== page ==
By otmseo on October 17, 2013
Is being Too Drunk a Defense to a DUI in Illinois?
Not in Illinois. In Illinois for a person to be found guilty of DUI all the state needs to prove are the following:
1. That the defendant drove, or was in actual physical control of a vehicle; and
2. That at the time the defendant drove or was in actual physical control of a vehicle, the defendant was under the influence of alcohol. Illinois Pattern Jury Instruction Criminal 23.14
This recently became an issue in the news because lawyers for three people convicted of murder in New York claimed that they were too drunk to know what they were doing and therefore their convictions should be reversed.
Being too drunk is not a defense because the State does not have to prove the defendant guilty of “intent.” There is no intent to drive drunk like there would be in a charge of residential burglary which is a specific intent crime requiring the defendant to have the specific intent, the mental state, to commit a felony or theft. A person under the law is said to act with intent when he engages in conduct and has a conscious objective to accomplish that result. 720 Illinois Complied Statutes 5/4-4. So voluntary intoxication is a defense to a specific intent crime. DUI is not a specific intent crime.
“[(An intoxicated)([a] drugged)] person is criminally responsible for his conduct unless his [(intoxication)(drugged condition)] renders him incapable of acting [(knowingly)(intentionally)] Illinois Pattern Jury Instruction Criminal 24-25.02.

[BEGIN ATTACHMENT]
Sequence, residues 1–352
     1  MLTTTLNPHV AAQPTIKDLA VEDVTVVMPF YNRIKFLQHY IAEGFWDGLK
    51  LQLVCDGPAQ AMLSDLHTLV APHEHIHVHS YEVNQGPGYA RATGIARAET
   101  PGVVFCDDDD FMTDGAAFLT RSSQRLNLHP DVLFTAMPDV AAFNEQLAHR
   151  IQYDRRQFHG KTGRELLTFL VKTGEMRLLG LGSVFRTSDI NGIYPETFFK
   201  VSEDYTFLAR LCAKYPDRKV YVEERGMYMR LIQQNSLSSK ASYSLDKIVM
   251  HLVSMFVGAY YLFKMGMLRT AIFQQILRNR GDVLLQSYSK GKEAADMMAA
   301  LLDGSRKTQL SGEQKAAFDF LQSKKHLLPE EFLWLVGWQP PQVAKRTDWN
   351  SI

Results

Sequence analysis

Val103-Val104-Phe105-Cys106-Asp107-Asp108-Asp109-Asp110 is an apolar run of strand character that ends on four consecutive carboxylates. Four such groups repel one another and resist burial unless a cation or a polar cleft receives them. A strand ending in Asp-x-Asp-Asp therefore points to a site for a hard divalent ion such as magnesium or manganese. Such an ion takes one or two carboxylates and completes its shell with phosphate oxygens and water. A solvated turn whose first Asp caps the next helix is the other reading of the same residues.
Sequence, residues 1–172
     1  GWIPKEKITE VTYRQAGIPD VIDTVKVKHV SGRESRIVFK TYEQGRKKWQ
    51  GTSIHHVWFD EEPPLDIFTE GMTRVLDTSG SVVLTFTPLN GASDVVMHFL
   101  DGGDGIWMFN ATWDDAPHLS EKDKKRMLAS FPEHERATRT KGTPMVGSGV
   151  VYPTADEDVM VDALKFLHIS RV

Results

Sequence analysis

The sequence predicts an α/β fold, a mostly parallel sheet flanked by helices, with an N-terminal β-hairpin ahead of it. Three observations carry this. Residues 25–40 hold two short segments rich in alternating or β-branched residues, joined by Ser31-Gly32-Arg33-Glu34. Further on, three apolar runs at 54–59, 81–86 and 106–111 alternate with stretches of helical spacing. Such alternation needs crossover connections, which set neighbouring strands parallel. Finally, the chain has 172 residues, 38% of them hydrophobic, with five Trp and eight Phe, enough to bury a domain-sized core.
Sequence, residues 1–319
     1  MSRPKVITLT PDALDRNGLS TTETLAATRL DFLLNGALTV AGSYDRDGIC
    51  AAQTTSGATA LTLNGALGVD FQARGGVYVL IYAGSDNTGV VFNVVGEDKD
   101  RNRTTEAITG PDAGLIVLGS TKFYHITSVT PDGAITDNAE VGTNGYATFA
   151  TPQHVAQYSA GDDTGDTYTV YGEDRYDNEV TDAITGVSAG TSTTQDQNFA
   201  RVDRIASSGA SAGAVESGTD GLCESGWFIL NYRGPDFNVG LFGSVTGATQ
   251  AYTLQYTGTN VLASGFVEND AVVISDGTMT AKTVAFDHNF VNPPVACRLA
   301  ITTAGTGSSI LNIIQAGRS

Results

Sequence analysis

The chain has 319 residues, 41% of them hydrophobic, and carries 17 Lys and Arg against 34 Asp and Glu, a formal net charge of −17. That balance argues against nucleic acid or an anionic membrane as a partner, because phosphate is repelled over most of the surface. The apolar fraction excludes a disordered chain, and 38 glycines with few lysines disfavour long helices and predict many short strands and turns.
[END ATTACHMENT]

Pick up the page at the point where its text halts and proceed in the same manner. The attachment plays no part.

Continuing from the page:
If the evidence in a case is sufficient to raise voluntary intoxication as an affirmative defense, then the State has the burden of rebutting, which means presenting evidence and proving beyond a reasonable doubt that the defendant was aware of his actions at the time he committed the crime. When a defendant uses an affirmative defense, he is admitting to the charge but is saying there is a defense to it. For example, self-defense is an affirmative defense to a battery or murder charge but the defendant has to first admit that he committed the battery or murder and then present evidence he was acting in self-defense.
Nevertheless, in practice, in the real world, voluntary intoxication is a defense when someone makes a mistake because they are drunk, not when they commit a crime when drunk. It would not be a defense for a drunken person to break into a liquor store to steal some more booze. However, it would be a defense if someone went into the wrong house because they were too drunk to know it was not their house and in fact thought it was their own house.